The alternative is to keep the landscape pictures the right way up and fill half a page with them.  Obviously they’re smaller, and some subjects won’t suffer from being reduced in size.  And it depends on the size of the book itself.  I’m afraid that other than Croydon and The Days of Fontwell my books have been different shapes.  The decision is largely made by the racecourses, as I’m not too fussed.  We haven’t reached the stage of choosing a shape for the Uttoxeter book yet, but I will be going there soon to discuss pictures with the racecourse management.  We should agree some definites, probables and possibles, and get an inkling of how much we want to spend on copyrighted ones.

Yesterday Uttoxeter had their biggest day of the year, the Midlands Grand National meeting.  This was enlivened by the offer of a free ticket for a future meeting to each racegoer who completed an application form in that day’s racecard – provided trainer David Pipe won the big race; his horses had been successful in the last three runnings.

Pipe’s horse Goulanes was a well supported second favourite at 13/2, and won, so the offer takes effect.  If each of the 15,000 or so present yesterday bought a racecard and submitted a form, then they could issue potentially £250,000 worth of free tickets.   

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Most northerly

Another out-of-the-blue enquiry came a week ago from someone seeking information on racing in Aberdeen. He showed me pictures of racing there in the 1920s, but that was purely informal, not officially-licensed Jockey Club racing. A comment about the most northerly racecourse led me to find two at higher latitudes than the Granite City. Inverness had racing and so did another meeting with three places in the name, two of which were Elgin and Nairn. Places in the UK that, for those of us in the southeast, are more remote and unfamiliar than Paris.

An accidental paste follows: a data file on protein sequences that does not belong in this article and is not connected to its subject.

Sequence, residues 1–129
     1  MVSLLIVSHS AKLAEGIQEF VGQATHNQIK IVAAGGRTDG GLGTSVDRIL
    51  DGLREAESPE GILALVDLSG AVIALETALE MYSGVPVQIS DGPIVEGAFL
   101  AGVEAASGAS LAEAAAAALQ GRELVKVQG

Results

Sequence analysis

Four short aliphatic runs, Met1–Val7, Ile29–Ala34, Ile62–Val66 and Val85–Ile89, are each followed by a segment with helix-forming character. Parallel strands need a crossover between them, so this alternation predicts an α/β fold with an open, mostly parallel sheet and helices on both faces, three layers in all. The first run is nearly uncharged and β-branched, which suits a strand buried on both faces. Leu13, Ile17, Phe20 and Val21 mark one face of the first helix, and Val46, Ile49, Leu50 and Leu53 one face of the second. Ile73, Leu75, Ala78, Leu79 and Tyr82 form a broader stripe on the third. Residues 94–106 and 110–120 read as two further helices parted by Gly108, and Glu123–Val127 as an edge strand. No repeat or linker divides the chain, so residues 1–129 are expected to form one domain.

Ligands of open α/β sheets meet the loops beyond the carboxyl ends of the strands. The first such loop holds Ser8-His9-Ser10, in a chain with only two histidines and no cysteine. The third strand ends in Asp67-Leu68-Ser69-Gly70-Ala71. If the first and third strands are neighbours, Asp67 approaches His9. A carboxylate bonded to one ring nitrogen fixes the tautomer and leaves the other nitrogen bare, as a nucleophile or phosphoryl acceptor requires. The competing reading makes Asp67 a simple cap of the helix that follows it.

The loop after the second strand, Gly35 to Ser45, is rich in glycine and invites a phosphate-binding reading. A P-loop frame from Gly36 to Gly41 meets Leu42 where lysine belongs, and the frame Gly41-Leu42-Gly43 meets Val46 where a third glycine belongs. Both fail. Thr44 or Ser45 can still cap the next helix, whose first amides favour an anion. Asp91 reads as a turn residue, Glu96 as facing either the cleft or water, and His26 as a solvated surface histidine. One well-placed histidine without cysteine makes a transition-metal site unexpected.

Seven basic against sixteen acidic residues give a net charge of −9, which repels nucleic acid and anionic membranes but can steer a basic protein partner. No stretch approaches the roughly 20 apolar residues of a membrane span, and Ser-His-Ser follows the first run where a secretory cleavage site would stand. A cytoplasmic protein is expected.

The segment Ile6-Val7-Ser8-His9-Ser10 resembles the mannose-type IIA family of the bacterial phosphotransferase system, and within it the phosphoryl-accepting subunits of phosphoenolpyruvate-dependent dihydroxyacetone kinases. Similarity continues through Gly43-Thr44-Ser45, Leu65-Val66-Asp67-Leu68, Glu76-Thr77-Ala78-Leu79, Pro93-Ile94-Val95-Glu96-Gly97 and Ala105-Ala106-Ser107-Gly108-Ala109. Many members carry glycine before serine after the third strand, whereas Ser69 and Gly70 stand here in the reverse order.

When last at Uttoxeter I was told that there was a possibility that one of the central protagonists, X, in a key episode in the course’s history might be contactable. A said B who used to work at another course might know him, and C might know how to get hold of B.

I don’t know C, but I got D to ask him. C didn’t know, but D suggested trying E. I rang E and explained my quest for B, or, better still, X. E was helpful and gave me F’s phone number. I rang F, who was tremendously supportive, and he gave me X’s email address and alerted X that I would like to talk to him.

I emailed X, who responded promptly, referring me also to Y and Z. I emailed them and Y rang me a day or two later, talking for half an hour about that episode. I haven’t heard from Z yet and X, who is abroad, asked me to return to him when he wasn’t quite so busy.

I relate this algebraic story to illustrate how convoluted the research trail can be sometimes, as well as to repeat my astonishment and delight at how willing people are to help a complete stranger. Plus I have new information on the Uttoxeter story, with the prospect of more to come.